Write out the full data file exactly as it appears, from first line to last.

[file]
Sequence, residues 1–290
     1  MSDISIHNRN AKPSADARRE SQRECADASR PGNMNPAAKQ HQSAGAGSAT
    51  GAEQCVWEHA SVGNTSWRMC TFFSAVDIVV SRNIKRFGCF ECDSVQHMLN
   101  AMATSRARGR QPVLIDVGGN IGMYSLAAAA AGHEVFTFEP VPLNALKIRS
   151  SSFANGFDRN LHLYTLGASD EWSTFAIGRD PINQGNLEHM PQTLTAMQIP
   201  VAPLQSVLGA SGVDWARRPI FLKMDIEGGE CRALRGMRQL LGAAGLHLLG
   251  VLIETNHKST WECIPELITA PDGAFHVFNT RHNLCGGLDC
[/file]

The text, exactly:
Sequence, residues 1–290
     1  MSDISIHNRN AKPSADARRE SQRECADASR PGNMNPAAKQ HQSAGAGSAT
    51  GAEQCVWEHA SVGNTSWRMC TFFSAVDIVV SRNIKRFGCF ECDSVQHMLN
   101  AMATSRARGR QPVLIDVGGN IGMYSLAAAA AGHEVFTFEP VPLNALKIRS
   151  SSFANGFDRN LHLYTLGASD EWSTFAIGRD PINQGNLEHM PQTLTAMQIP
   201  VAPLQSVLGA SGVDWARRPI FLKMDIEGGE CRALRGMRQL LGAAGLHLLG
   251  VLIETNHKST WECIPELITA PDGAFHVFNT RHNLCGGLDC